## Sunday, May 16, 2010

### Half Square Triangles Tutorial Part 5

Squares Technique #3

With the previous technique in tutorial part 4, we made two HSTs from a square. However, accuracy is still a factor with all the prevous HSTs tutorials. One solution is to make the square large enough so that both halves can be sewn to the correct size for your pattern.  Also, cut your square 1" larger than finished size as compared to  7/8" in tutorial #4.  So, cut 2 squares 4" from two different fabrics.

Draw a line diagonally from corner to corner on one square.  Place right sides together and sew 1/4" on each side of drawn line.

Cut apart on drawn line.

Now you have two HSTs.  But wait, they are too big.  We need to square them to size.  I will describe three types of rulers in the market you can use.

The traditional square up ruler is made by many companies in various different sizes.  I want to emphasize using a ruler compatible to the size square you are squaring to size.  Don't use a 12.5" square up ruler to trim a 4.5" HST.  Use one that is 4.5" or 6.5".  In photo below, I was just too lazy to retrieve my 4.5" ruler.  To use this ruler (I'm LEFT HANDED so bare with the photos) place the diagonal line of the ruler on the diagional seam of the HST.  Note that I have a little room to trim the HST to 3.5" on all edges of the unit under the ruler.  Once you are satisfied, trim the left and top edges of the HST.

This photo show the left and top edges trimmed.

Turn the partially trimmed HST 180 degrees.  Again, place ruler with diagonal line on seam line of HST. Note in photo below that the 3.5" lines on the ruler is now aligned with the edges we trimmed in previous photo.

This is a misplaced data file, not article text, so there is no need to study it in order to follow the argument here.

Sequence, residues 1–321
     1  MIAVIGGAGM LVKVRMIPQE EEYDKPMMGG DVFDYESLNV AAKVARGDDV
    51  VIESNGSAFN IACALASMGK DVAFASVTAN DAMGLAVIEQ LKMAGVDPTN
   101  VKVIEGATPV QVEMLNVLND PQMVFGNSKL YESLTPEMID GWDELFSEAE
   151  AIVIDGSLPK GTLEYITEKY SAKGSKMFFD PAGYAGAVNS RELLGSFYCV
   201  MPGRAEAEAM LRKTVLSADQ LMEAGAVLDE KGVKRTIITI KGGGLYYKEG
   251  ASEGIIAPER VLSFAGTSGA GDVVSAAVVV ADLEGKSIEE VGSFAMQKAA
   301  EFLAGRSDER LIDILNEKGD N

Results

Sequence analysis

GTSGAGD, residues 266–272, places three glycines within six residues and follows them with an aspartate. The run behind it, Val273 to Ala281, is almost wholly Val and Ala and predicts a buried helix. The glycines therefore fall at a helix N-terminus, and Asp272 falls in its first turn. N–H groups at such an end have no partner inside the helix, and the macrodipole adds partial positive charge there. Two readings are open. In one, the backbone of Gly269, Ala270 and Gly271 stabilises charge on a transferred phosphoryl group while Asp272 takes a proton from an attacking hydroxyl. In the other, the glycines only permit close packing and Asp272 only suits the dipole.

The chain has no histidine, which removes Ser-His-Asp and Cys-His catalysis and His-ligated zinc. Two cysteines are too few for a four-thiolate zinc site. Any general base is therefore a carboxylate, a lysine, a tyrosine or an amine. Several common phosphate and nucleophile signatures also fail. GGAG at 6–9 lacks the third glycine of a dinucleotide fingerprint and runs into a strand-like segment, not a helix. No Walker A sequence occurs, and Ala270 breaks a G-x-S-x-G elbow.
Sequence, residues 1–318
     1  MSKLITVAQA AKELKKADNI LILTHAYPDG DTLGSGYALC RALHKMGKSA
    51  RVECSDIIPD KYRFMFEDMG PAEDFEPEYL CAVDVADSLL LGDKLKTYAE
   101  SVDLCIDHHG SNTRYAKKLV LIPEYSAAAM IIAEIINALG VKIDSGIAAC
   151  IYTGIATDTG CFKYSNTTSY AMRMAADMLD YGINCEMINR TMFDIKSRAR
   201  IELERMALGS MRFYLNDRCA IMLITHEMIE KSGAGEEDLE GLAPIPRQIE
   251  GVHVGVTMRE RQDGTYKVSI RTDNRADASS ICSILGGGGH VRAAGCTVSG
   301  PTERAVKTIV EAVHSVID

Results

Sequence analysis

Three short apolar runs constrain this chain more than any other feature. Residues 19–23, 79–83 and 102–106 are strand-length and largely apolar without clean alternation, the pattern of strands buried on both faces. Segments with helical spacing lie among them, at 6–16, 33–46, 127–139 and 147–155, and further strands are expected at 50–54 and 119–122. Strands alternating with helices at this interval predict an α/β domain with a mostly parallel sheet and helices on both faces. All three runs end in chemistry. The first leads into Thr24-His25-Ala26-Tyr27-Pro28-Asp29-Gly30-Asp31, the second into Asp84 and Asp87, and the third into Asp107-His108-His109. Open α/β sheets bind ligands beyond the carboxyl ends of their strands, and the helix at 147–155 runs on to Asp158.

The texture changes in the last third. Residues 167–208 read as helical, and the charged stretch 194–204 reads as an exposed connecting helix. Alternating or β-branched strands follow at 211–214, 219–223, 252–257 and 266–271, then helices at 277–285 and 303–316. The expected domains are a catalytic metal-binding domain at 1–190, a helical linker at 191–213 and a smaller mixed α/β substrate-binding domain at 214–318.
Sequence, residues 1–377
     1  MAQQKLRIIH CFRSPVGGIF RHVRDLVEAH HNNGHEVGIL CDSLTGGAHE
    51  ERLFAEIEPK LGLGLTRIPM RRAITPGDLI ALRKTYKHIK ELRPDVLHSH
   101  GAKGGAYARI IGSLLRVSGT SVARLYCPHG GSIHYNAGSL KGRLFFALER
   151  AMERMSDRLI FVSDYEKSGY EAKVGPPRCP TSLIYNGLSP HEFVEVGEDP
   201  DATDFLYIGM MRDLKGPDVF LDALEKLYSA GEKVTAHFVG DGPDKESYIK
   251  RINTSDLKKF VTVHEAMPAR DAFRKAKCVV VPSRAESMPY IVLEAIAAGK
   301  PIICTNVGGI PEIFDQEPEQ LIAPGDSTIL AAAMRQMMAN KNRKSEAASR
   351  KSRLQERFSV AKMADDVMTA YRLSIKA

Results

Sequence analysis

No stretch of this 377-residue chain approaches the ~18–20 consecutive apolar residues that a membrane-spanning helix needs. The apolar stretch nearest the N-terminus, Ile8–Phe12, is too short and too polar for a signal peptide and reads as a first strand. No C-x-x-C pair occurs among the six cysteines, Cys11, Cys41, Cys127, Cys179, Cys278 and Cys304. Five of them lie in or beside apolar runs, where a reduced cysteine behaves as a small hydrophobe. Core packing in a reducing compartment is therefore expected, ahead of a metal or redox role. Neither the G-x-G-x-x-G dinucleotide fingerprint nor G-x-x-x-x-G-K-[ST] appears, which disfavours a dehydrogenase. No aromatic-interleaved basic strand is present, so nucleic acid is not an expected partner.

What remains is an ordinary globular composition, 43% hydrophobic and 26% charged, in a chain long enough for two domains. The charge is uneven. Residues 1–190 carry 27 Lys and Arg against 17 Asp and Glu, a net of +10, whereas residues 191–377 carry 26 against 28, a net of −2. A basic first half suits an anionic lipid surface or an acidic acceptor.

Again, trim left and top edges.

June Tailor has a square up ruler that is a little different called "Perfect Half-Square & Quarter-Square Triangles.  It's my favorite method to use when making scrappy HSTs.

The packaging gives detailed information on how to use this ruler.  Here is a quick lesson.  Place the half square triangle under the ruler with one of the diagional lines on the seam of the HST. It is important that the HST is placed between the cutting lines for the size you want but with scant amounts overlapping so you can trim.  Does not have to be centered.  I then cut on the two 3.5" slots in the ruler. (Hopefully the photo shows this.)

This what I have after cutting through the two slots at 3.5"  I pulled the HST up a bit so you can see what was trimmed.

Now turn the HST one quarter turn.  Place the ruler back on the HST with diagonal along the seam line and the TOP 3rd line going left to right is on top of the HST.  (This is hard to type, so look at photo carefully.  The first horizontal line above the 45 degree markings would be used for 1.5" HST, the 2nd for 2.5" HST, etc.  Trim again in both 3.5" slots.

This is what you will have after trimming.  Another perfect HST!

This method is a little different using the HST ruler from Quilt in a Day.

Do NOT press HST open to use this ruler! HST is squared up prior to pressing.  For a 3" finished HST, place the 3.5" line on the ruler with the seam line of your HST.

Trim on both sides of the ruler as shown.

Press seams open and ta-da, you have a perfect HST!  Only problem with this ruler is that you still have dog ears to trim.

Pros:

1. Very accurate as triangles are trimmed after sewing.
2. Do not have to handle bias edges.
3. Using two of the rulers above takes care of the dog ears while trimming.

Cons:
1. You will have to draw a diagonal line down the center and if you are making a lot of squares this can be tedious. You could use the Angler 2 to sew seams or mark your sewing machine bed.
2. Need to trim dog ears using one of the above rulers.
3. Is time consuming to square up the HSTs, expecially if you need 200 of them!
4. Will need to invest in square-up ruler/s of your choice.

Solution:
1. If you need a lot of HSTs, try using paper piecing method, grid piecing method, or bias strips method. These topics will be discussed in future tutorials.

PS - This is my 100th post!
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Type-u-later,
Tea in MO
http://www.teaquilts.com